Tip #2: There are two places to park and buy tickets -- at the bottom on the hill across the street from the Temple of the Dioscuri or at the top of the hill near the Temple of Juno. For time saving, or if you are with a travel companion who may not have enough energy to hike up to the archaeological site and back down to the parking lot or vice versa, do this: park at the bottom, take a taxi "shuttle" up to the other lot, start your visit there, and end up back at the parking lot. One more thing, there is a bar/cafe on site, but it's nothing spectacular. Plan accordingly.

After our visit, we went to see the Scala dei Turchi, went to dinner in Favara, and headed back to Ciuci's Manor. The next day, we enjoyed another great breakfast and attempted to get Hunter to ride one of the donkeys, but that did not go over very well. We said our goodbyes (seriously felt like we were staying with family both at Ciuci's and at Arianna's place), and then headed off to the Roman Villa of Casale in Piazza Armerina, which I wrote about here. It's changed a lot since then: more viewing platforms, access to more rooms, a (crappy) dining area, and audio guides. I didn't take any photos because I was busy chasing after Hunter. Stay tuned for Part 2...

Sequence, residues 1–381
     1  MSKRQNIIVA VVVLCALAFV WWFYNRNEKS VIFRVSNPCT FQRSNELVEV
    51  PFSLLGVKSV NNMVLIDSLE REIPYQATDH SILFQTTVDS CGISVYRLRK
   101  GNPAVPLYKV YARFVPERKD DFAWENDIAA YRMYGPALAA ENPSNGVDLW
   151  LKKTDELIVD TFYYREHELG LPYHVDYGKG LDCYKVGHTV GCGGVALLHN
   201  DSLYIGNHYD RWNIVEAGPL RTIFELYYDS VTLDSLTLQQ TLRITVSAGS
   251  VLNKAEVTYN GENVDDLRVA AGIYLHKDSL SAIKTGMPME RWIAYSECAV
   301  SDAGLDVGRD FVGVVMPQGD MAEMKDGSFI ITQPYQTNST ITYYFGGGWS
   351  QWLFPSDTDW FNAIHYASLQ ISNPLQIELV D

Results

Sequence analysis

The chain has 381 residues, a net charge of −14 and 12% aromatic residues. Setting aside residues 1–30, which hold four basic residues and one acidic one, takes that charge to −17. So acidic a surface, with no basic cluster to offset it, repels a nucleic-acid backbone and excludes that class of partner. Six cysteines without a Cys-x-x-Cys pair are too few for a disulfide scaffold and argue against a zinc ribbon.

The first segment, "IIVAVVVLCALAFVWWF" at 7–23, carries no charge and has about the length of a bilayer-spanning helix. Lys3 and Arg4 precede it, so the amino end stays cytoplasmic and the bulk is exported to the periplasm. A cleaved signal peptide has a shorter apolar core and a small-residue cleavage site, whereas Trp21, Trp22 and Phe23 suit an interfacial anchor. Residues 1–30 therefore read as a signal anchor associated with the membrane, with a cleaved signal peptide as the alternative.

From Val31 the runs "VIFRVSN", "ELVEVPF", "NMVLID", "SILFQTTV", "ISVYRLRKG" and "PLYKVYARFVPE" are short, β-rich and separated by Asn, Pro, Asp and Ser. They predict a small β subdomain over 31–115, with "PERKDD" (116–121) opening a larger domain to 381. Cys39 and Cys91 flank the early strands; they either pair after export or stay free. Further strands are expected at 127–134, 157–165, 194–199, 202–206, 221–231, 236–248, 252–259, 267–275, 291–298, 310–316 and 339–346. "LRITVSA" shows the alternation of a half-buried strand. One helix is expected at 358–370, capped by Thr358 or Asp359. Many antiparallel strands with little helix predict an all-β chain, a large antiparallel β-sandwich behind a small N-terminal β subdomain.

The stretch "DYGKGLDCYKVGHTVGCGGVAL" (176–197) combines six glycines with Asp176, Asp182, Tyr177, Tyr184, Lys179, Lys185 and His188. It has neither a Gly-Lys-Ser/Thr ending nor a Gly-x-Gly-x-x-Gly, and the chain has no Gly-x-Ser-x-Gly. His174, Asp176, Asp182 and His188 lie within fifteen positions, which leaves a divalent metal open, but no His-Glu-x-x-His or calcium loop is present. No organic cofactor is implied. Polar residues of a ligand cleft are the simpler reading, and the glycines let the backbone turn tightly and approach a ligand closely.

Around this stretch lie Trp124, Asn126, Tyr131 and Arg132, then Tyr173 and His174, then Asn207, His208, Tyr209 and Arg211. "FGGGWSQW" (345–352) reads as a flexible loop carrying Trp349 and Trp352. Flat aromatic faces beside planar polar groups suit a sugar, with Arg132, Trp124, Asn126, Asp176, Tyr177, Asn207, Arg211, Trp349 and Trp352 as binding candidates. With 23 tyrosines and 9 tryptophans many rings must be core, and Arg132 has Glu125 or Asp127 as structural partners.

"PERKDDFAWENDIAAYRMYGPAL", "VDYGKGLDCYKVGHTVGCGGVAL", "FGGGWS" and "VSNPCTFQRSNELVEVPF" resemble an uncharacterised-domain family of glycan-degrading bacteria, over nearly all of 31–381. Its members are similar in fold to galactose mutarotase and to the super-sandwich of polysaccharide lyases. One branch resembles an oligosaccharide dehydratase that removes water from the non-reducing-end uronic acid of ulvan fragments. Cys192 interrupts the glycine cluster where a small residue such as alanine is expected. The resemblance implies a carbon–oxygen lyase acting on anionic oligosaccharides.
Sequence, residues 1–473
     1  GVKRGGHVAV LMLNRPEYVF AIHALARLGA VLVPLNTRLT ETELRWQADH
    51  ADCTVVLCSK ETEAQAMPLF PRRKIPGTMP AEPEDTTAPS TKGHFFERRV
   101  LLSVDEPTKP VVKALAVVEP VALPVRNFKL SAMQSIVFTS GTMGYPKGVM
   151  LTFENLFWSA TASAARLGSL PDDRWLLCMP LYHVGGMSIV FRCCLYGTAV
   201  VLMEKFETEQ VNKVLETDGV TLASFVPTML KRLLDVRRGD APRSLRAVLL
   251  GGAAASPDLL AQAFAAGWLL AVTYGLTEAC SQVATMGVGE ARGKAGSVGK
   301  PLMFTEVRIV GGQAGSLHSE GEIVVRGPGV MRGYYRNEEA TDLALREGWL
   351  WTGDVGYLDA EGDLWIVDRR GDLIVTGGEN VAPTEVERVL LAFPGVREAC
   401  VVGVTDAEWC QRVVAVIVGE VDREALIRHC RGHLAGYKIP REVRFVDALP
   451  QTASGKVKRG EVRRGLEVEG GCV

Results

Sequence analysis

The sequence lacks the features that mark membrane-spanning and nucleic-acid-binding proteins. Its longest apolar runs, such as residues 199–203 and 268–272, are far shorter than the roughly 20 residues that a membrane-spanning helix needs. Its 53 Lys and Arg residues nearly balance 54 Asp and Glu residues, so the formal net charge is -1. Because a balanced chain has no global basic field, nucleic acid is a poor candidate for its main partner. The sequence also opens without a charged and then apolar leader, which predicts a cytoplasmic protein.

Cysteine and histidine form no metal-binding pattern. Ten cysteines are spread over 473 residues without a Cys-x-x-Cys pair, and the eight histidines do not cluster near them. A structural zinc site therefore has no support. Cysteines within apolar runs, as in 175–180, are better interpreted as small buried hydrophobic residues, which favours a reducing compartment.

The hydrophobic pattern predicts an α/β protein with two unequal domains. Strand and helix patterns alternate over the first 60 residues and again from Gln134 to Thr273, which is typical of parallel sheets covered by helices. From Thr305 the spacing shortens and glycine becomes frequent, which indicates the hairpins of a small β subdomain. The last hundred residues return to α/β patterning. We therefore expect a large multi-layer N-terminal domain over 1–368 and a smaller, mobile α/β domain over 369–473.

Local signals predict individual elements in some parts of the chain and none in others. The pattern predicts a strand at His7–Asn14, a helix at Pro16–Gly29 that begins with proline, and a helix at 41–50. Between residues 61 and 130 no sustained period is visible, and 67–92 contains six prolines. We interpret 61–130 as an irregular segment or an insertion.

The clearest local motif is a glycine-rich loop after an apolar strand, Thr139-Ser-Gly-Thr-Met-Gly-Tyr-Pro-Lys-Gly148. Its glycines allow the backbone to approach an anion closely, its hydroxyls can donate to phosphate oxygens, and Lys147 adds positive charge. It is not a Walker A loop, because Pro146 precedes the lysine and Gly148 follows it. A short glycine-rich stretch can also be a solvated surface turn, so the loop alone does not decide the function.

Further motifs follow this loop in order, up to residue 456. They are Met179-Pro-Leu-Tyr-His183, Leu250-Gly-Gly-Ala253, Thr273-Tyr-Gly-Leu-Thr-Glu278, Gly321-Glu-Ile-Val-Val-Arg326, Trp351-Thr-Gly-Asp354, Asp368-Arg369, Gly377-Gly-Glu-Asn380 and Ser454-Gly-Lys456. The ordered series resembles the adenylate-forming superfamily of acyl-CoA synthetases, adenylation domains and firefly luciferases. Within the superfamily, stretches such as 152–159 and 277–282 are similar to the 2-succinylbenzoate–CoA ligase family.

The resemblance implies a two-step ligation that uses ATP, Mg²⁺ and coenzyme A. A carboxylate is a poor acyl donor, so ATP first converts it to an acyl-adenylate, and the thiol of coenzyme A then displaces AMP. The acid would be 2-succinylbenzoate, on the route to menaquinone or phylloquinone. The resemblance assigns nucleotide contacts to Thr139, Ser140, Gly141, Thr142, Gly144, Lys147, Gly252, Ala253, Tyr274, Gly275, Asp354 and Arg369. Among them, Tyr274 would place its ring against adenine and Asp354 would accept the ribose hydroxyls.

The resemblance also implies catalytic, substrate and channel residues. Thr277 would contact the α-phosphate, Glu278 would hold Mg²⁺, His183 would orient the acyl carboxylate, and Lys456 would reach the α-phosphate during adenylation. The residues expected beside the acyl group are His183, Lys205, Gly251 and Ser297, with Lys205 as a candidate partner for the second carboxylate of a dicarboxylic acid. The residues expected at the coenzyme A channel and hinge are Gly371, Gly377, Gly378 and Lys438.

Monday, July 13, 2015

Why I Will Always Buy Travel Insurance

Unfortunately, I am kind of a Debbie Downer when it comes to the what-ifs in life. I always think of the worst-case scenario. When we were planning our trip to Sicily, I knew for sure that I wanted to purchase trip protection/travel insurance. It crossed my mind that something bad could possibly happen during our trip, but the main reason I purchased it was for the trip cancellation benefit. Our health insurance covers accidents abroad, so I didn't need the medical coverage, but if for some reason something bad happened to one of us before our trip, I wanted to be able to cancel the trip without feeling too much of a blow to our pocketbook. 

Although nothing terrible happened prior to our trip (I briefly thought about cancelling the trip because just a few weeks before we left, I found out I was expecting, and with the way morning sickness was going, I was none too thrilled about traveling during the tail end of my first trimester), on the eighth day of our trip, something very, very bad happened. My mother-in-law suffered a brain hemorrhage. Only a couple of hours after arriving at our accommodations, she sat down and explained that she could no longer feel the right side of her body. With my limited Italian, I managed to ask the proprietor at our farm stay to call an ambulance. As we were waiting in our room, my mother-in-law's speech began to dwindle. We did our best to stay calm, but Isaiah and I just kept looking at each other in disbelief, Was this really happening?